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I tried to install Mandrake 9.1 on the same system as WinXP. I used Partition Magic 8 to format the last 10 gigs of my hard drive (ext3) and then I used the "add another operating system" option, which apparently sets that partition as the active one. After installing Linux, however, I could not get back into Windows XP. Can anyone tell me what I did wrong and how to avoid doing it again? (I ended up reinstalling Windows).
You don't need to use Partition Magic to install another OS. The best thing to do is:
1 - Install Winslow eXPeriment in the first partition. If you install using NTFS, you won't be able to write to it when you boot into Linux. I highly recommend FAT32 for a dual boot.
2 - Go into your bios and make sure the boot order is set to "CD Rom first". Place the Mandrake 9.1 CD 1 in the drive and reboot. Mandrake has great tools for creating Linux partitions, don't use PQ Magic 8.0 for that
You will need to create a swap partition as well. All you need is free space on the hard drive for Mandrake to use. Free spac can be obtained by resizing or deleting current partitions. The installer will then let you format and partition the free space, or it will autoformat and autopartition for you. You can select your existing ext3 partition for install, but you will have to further partition it so that there is a swap partition available. Make sure that you install the boot loader in the master boot record to overwrite the windows boot loader.
..........also - I wouldnt mark partitions as "active" in advance using Partition Magic - its sufficient to install LILO or GRUB to the MBR and then create the appropriate entries in thier respective config files if they havent already been done so - often LILO or GRUB will automatically recognise a Windows install and configure the config file appropriiately - if not its usually a straightforward matter of adding an appropriate entry for Windows.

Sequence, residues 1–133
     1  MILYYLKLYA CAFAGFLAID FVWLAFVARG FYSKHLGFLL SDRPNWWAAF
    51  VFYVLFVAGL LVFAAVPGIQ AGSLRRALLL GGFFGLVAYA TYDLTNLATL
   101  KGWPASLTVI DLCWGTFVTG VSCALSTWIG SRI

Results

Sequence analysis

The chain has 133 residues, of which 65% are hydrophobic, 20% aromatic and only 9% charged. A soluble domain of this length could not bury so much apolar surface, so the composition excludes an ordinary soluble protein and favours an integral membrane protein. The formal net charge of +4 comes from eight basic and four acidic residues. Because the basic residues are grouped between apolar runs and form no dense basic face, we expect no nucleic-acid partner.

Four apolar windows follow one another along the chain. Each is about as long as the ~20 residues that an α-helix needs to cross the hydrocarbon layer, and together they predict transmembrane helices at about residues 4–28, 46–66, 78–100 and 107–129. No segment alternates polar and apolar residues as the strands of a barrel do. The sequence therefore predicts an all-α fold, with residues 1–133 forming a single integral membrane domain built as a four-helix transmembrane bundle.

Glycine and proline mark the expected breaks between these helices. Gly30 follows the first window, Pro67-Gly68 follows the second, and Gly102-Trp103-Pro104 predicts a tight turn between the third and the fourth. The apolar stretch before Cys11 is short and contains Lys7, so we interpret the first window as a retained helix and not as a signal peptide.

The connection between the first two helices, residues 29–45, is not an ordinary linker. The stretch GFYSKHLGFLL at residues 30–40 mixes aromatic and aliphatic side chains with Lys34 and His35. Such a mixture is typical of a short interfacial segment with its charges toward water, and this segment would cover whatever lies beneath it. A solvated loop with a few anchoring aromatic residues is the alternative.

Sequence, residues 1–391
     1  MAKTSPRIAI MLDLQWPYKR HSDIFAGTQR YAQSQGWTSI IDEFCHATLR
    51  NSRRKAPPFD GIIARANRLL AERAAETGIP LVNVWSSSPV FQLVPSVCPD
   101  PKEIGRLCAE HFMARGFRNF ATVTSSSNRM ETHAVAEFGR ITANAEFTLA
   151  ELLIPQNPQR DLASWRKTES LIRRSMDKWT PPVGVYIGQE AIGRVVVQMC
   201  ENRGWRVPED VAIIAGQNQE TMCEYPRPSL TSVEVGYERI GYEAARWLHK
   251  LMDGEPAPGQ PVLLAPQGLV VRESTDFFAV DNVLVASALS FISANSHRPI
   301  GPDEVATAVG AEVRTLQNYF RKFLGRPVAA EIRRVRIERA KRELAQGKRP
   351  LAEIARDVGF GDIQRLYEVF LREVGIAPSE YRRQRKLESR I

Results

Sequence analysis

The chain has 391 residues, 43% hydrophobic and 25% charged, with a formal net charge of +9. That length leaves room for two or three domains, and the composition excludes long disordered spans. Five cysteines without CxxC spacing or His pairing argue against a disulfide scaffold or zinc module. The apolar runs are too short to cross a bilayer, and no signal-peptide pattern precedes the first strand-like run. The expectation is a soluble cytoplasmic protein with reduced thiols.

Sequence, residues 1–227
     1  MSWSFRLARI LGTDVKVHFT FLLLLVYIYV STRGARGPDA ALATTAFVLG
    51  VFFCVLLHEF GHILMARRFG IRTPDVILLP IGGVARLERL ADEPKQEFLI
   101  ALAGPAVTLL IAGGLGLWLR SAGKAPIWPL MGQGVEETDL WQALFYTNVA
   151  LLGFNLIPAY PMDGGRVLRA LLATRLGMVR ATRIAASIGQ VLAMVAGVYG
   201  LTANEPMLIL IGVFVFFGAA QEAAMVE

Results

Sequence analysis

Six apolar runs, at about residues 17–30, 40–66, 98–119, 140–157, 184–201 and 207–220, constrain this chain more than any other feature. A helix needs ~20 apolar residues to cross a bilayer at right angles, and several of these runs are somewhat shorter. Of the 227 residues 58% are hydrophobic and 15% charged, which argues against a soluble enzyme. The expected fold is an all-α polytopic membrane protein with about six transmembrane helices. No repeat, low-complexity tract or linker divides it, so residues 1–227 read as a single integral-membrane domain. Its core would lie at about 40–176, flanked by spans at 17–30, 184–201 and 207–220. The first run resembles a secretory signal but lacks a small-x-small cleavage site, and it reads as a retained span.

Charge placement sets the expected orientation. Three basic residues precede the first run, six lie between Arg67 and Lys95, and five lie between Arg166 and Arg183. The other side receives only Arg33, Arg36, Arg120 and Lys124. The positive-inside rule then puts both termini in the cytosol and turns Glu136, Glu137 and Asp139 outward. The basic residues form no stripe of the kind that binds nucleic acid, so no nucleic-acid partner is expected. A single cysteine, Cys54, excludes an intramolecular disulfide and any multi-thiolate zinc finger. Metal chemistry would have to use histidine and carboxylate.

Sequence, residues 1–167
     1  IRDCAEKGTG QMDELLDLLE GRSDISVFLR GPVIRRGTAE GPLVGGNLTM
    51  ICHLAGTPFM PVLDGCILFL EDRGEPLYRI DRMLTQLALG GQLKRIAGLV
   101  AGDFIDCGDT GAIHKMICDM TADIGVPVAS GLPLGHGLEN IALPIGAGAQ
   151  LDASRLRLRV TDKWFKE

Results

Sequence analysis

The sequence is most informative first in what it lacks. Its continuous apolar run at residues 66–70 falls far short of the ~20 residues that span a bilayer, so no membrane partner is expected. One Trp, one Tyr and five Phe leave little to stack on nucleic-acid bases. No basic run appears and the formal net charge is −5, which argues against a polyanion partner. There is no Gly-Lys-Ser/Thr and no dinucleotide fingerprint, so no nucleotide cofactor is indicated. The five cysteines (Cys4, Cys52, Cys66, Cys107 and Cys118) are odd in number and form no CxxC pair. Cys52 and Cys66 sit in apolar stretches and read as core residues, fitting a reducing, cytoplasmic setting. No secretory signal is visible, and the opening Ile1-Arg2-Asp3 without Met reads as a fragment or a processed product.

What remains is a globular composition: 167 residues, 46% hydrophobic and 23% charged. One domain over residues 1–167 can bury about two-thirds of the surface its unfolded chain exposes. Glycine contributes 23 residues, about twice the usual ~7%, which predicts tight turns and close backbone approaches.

If you install using NTFS, you won't be able to write to it when you boot into Linux.
Not necessarily true. Some distros come with ability to read and write NTFS partitions. I am not sure which ones come with it included... I think kernels 2.4 and up support it with additional and better/more reliable support being developed.
Write support had been started, but being incomplete it is extremely dangerous.
Some problems have been reported when using SMP machines.
N.B. This driver has now been abandoned in favour of the new one.
that is what from the ntfs site, and that has been the state of write to ntfs for a while now....and as they state its extremely dangerous, so basically what megaman said is true, cause your actually going to screw stuff up after a while if you use the write support...so all in all it more or less is just safe to use read rather then both read/write...
Okay, but that doesn't really answer my question. I've already got the first partition formatted to NTFS. Why would Linux need to write to that partition? I have one ext3 and one fat32 partition. I'm just trying to use the ext3 for Linux and that fat32 to share between OS's. Right now, I'm basically trying to figure out if this can be done with my current configuration.
I see no reason why it couldn't be. but you will have to resize the ext3 or fat32 partition to make room for swap if you don't have room left on the hd. The mandrake installer will let you do it. Basically no need to set up the partitions in advance for the mandrake installer.